“It is better to know nothing,” wrote French physiologist Claude Bernard in An Introduction to the Study of Experimental Medicine (1865), “than to keep in mind fixed ideas based on theories whose confirmation we constantly seek.”
Embracing a fixed idea is one of the main dangers in the evolution of any scientific discipline. Ideally, errors will be uncovered in the trial-by-fire of rigorous testing and the science will right itself. In rare cases, however, an entire discipline can be based on a fundamental flaw.
As a science journalist turned science historian, I have written at length about how and why this may have happened in obesity research. I have suggested that the discipline may be a house of cards — as, by extension, may much research into the chronic diseases associated with obesity, such as diabetes.
Before the Second World War, European investigators believed that obesity was a hormonal or regulatory disorder. Gustav von Bergmann, a German authority on internal medicine, proposed this hypothesis in the early 1900s.
The theory evaporated with the war. After the lingua franca of science switched from German to English, the German-language literature on obesity was rarely cited. (Imagine the world today if physicists had chosen to ignore the thinking that emerged from Germany and Austria before the war.)
Instead, physicians embraced the ideas of the University of Michigan physician Louis Newburgh, who argued that obese individuals had a “perverted appetite” that failed to match the calories that they consumed with their bodies' metabolic needs. “All obese persons are alike in one fundamental respect,” Newburgh insisted, “they literally overeat.” This paradigm of energy balance/overeating/gluttony/sloth became the conventional, unquestioned explanation for why we get fat. It is, as Bernard would say, the fixed idea.
This history would be no more than an interesting footnote in obesity science if there were not compelling reason to believe that the overeating hypothesis has failed. In the United States, and elsewhere, obesity and diabetes rates have climbed to crisis levels in the time that Newburgh's energy-balance idea has held sway, despite the ubiquity of the advice based on it: if we want to lose fat, we have to eat less and/or move more. Yet rather than blame the advice, we have taken to blaming individuals for not following it 'properly'.
The alternative hypothesis — that obesity is a hormonal, regulatory defect — leads to a different prescription. In this paradigm, it is not excess calories that cause obesity, but the quantity and quality of carbohydrates consumed. The carbohydrate content of the diet must be rectified to restore health.
“There is compelling reason to believe that the overeating hypothesis has failed.”
This conclusion is based on endocrinology that has been understood for 50 years: insulin regulates fat accumulation, and blood levels of insulin are effectively determined by carbohydrate intake. The more easily digestible are the carbohydrates we eat (the higher their glycaemic index) and the sweeter they are (the higher their fructose content) the higher are our blood insulin levels, and the more fat accumulates.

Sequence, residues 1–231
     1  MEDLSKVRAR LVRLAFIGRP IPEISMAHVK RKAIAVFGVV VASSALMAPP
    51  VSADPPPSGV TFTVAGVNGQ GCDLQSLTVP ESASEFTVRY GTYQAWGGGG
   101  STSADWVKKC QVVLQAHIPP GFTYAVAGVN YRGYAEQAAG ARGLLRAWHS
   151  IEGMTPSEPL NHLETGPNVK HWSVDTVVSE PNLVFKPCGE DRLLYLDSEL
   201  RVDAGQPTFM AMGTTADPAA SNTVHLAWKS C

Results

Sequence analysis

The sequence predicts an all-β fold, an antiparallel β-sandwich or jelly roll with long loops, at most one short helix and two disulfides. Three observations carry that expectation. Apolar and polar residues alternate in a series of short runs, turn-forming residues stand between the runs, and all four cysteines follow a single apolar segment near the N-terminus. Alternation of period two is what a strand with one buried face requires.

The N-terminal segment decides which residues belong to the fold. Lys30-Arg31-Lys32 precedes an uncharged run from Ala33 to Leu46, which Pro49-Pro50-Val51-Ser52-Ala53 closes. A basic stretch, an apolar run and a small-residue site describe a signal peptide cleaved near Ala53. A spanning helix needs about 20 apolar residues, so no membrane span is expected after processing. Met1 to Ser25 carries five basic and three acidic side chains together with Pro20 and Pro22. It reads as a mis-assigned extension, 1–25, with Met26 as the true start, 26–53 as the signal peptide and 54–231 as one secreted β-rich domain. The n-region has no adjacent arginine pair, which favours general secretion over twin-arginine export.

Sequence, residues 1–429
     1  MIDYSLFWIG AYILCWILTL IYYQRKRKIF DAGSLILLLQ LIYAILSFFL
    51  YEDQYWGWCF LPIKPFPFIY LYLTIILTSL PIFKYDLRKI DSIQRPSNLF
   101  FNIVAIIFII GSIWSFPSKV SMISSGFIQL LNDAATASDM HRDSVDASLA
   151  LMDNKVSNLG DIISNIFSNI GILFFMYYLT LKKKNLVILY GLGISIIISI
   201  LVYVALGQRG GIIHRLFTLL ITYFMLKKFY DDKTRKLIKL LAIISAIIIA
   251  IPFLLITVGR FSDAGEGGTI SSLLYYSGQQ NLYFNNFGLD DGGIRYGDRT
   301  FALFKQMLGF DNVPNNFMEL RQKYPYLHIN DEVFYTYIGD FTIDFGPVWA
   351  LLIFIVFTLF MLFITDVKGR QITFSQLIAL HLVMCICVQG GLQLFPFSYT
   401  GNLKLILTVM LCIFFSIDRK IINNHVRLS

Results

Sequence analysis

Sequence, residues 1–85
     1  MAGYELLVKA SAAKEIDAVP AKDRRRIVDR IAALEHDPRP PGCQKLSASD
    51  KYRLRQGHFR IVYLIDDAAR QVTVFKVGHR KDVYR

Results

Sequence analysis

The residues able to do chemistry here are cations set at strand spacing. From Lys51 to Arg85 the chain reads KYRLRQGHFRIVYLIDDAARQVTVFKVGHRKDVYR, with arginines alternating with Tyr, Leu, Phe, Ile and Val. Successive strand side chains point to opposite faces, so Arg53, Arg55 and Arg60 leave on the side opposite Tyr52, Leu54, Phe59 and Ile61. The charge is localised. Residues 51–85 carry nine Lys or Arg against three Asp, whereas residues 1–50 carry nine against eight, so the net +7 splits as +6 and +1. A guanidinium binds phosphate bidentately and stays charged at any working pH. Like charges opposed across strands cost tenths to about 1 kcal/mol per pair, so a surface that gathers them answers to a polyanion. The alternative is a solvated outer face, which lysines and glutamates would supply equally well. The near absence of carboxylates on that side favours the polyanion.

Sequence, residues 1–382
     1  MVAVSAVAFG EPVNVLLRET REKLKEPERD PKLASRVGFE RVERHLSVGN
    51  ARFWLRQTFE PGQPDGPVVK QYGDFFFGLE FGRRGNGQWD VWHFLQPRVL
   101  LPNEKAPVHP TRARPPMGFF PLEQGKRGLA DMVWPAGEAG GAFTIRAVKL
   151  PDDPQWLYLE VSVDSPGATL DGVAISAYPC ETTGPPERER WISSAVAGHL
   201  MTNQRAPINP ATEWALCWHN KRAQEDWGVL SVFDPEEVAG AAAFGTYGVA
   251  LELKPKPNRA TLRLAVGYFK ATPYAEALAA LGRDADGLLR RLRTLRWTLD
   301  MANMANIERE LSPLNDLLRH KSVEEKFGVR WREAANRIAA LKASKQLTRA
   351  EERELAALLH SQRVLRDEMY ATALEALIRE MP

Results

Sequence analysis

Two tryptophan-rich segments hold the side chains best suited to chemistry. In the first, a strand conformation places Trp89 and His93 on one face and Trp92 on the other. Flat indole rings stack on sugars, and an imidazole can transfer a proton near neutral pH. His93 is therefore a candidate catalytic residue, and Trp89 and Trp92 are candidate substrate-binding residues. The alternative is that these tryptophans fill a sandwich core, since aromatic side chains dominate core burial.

If this is true, it suggests that the obesity epidemic was caused at least in part by the research community's failure to understand the nature of the disease, and by the food industry's exploitation of that failure.
But is it true? Or is it the case, as conventional wisdom has it, that these competing hypotheses of obesity have been rigorously tested, and the energy-balance hypothesis has simply won out?
Over the past year, with physician Peter Attia and support from the Laura and John Arnold Foundation of Houston, Texas, I have co-founded the non-profit Nutrition Science Initiative (NuSI) in San Diego, California, with the goal of resolving this controversy.
Among our first tasks was to comb the medical literature back to the 1930s, identifying all studies relevant to the question of whether carbohydrates or excess calories cause obesity. We found much ambiguous smoke, but none of the fire of rigorous experimental evidence necessary to establish definitively the truth or falsehood of either hypothesis. This is unacceptable, considering the critical public-health problem presented by obesity and diabetes. (The studies and our conclusions are available at http://nusi.org.)
The trials share many shortcomings. One common flaw is true of all free-living diet trials: the investigators simply fail to control what the participants actually eat. The evidence suggests that few participants comply with the dietary advice, yet the researchers interpret the results as somehow speaking to the fundamental cause of obesity. It is as if we drew conclusions about whether smoking causes lung cancer on the basis of trials (poorly controlled ones, at that) of the efficacy of different methods of smoking cessation — nicotine patches, say, versus nicotine gum. This problem must be solved to establish reliable knowledge.
NuSI aims to fund and facilitate the trials necessary to rigorously test the competing hypotheses, beginning with inpatient feeding studies that will rigidly control dietary interventions for participants so that we know unambiguously the effects of macronutrients — protein, fat and carbohydrates — on weight and body fat. These studies will be done by independent, sceptical researchers. This may be an idealistic dream, but we have committed ourselves to the effort.
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